Take Control: Pet Gear

July 31, 2013

Take Control: Pet Gear

These days pets have as many accoutrements as people do. My neighbor’s schnauzer has at least three different leashes. My aunt’s bulldog has a wardrobe most young professionals would be envious of. And my boyfriend’s golden retriever has more chew toys than a teething baby.

All of this pet gear has a tendency to take over–sometimes one room in the house, like the laundry room or the front hall. But for other people, the pup’s stuff is everywhere. It doesn’t have to be.

I’ve got a few clever solutions up my sleeve to help you take control of your pet’s gear.

  1. Pick a Home. One of the biggest mistakes pet owners make is trying to store all of their pet’s little extras in different places in the house. Designate one spot for all of your pet gear. A hall closet, laundry room, or even the garage are all sensible choices.
  2. Out With the Old. Before you even think about organizing, it’s time to come to terms with a few well-worn items. That fraying leash? Toss it. The gnarly chew toy? Chuck it. Those rain boots your dachshund is visibly embarrassed to wear? Donate them. Getting rid of the old stuff means fewer items to organize.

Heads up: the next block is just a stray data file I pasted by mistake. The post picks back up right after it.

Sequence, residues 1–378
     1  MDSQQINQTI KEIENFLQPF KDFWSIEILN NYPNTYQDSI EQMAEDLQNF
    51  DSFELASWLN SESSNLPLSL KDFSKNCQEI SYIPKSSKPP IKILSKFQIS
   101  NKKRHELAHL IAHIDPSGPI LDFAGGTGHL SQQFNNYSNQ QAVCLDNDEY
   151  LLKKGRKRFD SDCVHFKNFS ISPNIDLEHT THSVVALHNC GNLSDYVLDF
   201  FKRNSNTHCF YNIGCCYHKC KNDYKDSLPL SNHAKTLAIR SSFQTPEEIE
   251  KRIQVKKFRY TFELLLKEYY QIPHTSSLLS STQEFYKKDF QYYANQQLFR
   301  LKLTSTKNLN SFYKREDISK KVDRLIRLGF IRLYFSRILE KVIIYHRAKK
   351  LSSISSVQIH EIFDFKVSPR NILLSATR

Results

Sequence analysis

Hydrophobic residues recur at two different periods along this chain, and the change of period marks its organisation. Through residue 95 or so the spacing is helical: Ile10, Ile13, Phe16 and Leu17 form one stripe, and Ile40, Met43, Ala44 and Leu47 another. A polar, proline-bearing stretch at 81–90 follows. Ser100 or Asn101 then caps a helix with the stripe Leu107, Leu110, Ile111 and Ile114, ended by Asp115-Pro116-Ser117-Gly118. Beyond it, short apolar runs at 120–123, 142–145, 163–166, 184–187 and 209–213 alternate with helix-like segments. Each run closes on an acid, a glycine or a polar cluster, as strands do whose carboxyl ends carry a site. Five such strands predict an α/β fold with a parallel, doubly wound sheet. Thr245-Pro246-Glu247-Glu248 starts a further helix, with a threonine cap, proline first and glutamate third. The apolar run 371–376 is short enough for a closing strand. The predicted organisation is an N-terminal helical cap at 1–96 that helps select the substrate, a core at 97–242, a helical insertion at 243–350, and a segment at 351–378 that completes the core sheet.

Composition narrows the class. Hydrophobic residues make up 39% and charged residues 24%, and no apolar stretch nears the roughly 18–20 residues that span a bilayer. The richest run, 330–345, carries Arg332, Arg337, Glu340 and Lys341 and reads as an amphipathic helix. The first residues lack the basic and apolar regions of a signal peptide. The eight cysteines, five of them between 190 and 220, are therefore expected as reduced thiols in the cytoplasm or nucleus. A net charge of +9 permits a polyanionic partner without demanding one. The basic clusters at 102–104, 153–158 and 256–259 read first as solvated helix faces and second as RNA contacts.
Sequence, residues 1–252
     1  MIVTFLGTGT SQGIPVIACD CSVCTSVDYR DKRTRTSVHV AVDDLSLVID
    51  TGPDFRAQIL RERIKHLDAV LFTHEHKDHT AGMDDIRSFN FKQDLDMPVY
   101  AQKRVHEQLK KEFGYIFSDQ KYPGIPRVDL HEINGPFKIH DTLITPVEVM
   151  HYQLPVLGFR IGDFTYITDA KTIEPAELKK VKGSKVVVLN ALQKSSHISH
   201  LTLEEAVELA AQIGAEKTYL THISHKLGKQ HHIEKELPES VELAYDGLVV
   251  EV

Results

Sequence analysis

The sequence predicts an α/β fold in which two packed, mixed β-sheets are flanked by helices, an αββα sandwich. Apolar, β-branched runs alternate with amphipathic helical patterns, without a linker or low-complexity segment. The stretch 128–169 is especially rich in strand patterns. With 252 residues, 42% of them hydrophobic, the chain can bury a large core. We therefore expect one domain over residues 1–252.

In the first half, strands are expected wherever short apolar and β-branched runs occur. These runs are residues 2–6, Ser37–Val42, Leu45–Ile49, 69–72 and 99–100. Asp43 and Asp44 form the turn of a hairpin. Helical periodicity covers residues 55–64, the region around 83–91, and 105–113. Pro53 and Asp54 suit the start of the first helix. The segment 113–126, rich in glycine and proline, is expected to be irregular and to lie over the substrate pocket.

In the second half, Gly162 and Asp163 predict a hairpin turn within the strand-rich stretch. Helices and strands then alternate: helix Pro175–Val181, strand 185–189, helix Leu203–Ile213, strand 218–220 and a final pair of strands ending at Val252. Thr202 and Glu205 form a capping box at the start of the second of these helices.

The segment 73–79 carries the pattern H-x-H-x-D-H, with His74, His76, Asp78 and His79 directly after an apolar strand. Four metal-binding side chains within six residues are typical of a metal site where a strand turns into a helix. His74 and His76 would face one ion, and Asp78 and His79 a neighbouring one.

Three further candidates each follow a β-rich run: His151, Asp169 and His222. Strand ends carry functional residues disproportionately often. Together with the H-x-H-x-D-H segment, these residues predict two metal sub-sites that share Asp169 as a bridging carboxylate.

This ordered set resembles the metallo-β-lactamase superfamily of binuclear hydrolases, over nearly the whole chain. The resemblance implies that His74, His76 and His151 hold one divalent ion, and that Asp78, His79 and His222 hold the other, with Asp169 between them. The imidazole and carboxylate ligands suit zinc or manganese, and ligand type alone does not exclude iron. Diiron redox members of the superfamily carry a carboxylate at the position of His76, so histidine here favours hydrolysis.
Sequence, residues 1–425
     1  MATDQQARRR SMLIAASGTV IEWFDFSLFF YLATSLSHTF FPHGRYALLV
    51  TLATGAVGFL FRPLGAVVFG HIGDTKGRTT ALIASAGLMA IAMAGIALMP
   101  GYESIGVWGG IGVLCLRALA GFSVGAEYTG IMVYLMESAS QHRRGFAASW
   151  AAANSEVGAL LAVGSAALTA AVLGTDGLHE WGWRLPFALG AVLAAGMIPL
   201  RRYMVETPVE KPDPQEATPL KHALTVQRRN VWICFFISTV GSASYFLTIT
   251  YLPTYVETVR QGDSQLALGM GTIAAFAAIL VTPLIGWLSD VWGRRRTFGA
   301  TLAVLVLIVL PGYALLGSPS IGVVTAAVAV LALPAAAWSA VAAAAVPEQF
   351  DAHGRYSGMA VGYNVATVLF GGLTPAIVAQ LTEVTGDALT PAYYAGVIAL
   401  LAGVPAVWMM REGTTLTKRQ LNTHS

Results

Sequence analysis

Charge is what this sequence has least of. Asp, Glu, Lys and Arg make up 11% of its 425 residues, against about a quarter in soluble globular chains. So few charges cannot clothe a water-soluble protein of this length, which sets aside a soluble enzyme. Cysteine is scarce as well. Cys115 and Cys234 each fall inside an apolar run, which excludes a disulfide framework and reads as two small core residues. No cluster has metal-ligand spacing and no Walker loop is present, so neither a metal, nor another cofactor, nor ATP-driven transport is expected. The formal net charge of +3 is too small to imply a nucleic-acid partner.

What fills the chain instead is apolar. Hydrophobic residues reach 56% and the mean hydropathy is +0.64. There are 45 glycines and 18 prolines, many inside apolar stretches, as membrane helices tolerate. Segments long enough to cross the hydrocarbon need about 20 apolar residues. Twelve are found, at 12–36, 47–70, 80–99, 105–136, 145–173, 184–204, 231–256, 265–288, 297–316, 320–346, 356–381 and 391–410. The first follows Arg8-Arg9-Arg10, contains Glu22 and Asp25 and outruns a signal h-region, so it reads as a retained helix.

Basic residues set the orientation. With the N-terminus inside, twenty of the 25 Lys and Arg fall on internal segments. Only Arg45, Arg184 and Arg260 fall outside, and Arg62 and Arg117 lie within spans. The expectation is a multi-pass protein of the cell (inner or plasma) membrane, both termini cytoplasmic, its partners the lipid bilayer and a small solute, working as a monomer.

3. Divide and Conquer. Separate your pet gear and group like items. This way you’ll be able to gauge the exact number of storage bins you’ll need and what size each one should be.
  4. Indulge in a Shelf. A storage shelf, that is. These units are brilliant for pet gear because they have between four and eight easy-to-access baskets and the units come in sizes that can fit everywhere from the laundry room to a coat closet. Place items you use the most (like cat nip and squeeze toys) in the middle baskets and stow less used items (ahem, those studded dog sweaters) in the top baskets.
  5. Use Some Hooks. Psst. I’ll let you in on a little secret. Those hooks you use in the hall to hang guests’ coats can also be used to hang leashes. But don’t try to mingle the two. Instead designate a special hook  just for pet leashes.
  6. Camouflage. For people with small apartments, storing gear in a laundry room or closet isn’t possible. Baskets mean your pet’s gear is somewhat visible, so instead, hide it away in a storage ottoman. Pick a piece that blends in seamlessly with the rest of your furniture.
  7. Use Your Doors. If there’s no space for an extra piece of furniture, snag an over-the-door organizer. It keeps clutter in the closet without taking up precious floor space.
  8. Don’t Forget About the Food. Some owners aren’t keen on storing pet food in the laundry room or the garage. If the pantry is more your style, there are plenty of tools to help you keep food fresh and out of the way. People with cats and dogs that eat wet food can keep the two from intermingling with food dispensers. These wire organizers keep cans stacked and separated from the rest of the food in the pantry. For dry food, skip chip clipping the bag closed — it can lead to spills and spoilage — and keep those kibbles and bits in an airtight container.

Have an organizing tip–or an organizing dilemma–you’d like to share? Let us know in the space below!

Megan Mostyn-Brown

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